The odds of being born on February 29th are 1 in 1,461, which makes it particularly rare for one leapling, as they are called, to meet another.
Rarer still: The possibility that three children in the same family would be born on three consecutive Leap Days, but that’s exactly what happened with the Henriksen family of Norway. Heidi Henriksen was born on 2/29/1960, her brother Olav four years later on 2/29/64, and baby Leif-Martin four years after that on 2/29/68. According to many government agencies, Heidi, Olav, and Ja Rule would not legally be considered older until March 1ston non-leap years, but this year, we can officially say, “Happy Actual Birthday, leaplings!”

4. Only Swedes and Hobbits Celebrate February 30th
February 30th? This even rarer date occurred in Sweden and Finland in 1712, when they added an extra Leap Day to February to help catch up their outdated Julian calendar with the new Gregorian calendar. There is, however, one race of people who celebrates February 30th every year: Hobbits. The wee folk of J.R.R. Tolkien’s Lord of The Rings universe observe twelve 30-day months every year—including Solmath (translated in the text to February).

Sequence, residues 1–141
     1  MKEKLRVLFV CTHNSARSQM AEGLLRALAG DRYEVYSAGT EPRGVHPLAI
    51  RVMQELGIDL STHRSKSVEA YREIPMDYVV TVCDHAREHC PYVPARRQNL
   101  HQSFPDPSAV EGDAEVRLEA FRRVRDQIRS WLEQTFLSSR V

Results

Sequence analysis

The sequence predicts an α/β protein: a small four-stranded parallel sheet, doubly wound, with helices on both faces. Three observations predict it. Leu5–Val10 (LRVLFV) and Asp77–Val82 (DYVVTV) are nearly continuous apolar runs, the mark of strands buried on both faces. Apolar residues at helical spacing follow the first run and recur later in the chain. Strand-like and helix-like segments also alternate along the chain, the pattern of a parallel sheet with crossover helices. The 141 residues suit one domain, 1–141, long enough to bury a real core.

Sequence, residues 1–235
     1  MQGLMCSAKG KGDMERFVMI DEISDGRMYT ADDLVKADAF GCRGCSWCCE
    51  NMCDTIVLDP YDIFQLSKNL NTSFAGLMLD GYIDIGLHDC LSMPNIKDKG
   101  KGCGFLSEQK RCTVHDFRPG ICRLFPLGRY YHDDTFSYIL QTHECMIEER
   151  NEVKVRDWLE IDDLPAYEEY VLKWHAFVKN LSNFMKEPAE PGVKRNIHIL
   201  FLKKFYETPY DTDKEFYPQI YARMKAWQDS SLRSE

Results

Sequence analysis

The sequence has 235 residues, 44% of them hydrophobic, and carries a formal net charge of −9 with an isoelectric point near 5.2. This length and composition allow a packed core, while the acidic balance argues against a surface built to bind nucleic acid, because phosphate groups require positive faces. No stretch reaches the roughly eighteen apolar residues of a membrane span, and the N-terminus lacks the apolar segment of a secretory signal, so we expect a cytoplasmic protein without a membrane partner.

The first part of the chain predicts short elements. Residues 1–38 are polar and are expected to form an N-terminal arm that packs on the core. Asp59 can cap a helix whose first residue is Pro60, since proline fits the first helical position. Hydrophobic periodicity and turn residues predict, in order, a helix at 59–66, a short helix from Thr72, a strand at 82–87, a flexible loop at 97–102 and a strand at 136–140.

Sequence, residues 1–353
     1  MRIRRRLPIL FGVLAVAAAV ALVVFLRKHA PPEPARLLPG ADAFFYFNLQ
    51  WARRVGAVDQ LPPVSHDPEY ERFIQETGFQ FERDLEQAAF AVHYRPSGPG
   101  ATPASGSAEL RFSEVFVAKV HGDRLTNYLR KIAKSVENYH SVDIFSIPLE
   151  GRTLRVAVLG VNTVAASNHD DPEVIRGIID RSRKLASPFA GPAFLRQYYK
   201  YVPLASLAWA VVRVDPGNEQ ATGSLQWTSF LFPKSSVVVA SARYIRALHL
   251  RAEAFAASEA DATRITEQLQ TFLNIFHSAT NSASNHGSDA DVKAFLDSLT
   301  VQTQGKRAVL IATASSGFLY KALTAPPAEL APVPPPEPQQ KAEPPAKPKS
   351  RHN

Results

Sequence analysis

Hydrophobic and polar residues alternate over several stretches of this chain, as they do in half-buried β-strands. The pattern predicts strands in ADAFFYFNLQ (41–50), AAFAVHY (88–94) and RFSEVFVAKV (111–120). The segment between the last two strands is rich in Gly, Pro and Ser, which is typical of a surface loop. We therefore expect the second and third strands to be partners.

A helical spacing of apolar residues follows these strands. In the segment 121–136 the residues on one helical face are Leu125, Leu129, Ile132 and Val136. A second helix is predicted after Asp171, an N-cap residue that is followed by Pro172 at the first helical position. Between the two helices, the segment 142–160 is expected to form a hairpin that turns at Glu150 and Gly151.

leap day facts cocktail pa
5. There is an Official Leap Day Cocktail

And it’s called… The Leap Day Cocktail! This colorful cousin of the martini was invented by pioneering bartender Harry Craddock at London’s Savoy Hotel in 1928. According to the 1930 Savoy Cocktail Book, “it is said to have been responsible for more proposals than any other cocktail ever mixed” (see: Sadie Hawkins Day above). Whether or not you’re in the market for a freshly soused spouse, you can make your own Leap Day cocktail with Craddock’s original recipe:

1 dash lemon juice
2/3 gin
1/6 Grand Marnier
1/6 sweet vermouth
Shake, serve, garnish with a lemon peel, and enjoy the flood of bittersweet flavors. It’s like a marriage, in your mouth!

6. Not Thirsty? Celebrate Leap Day with Travel Deals and a Rare French Magazine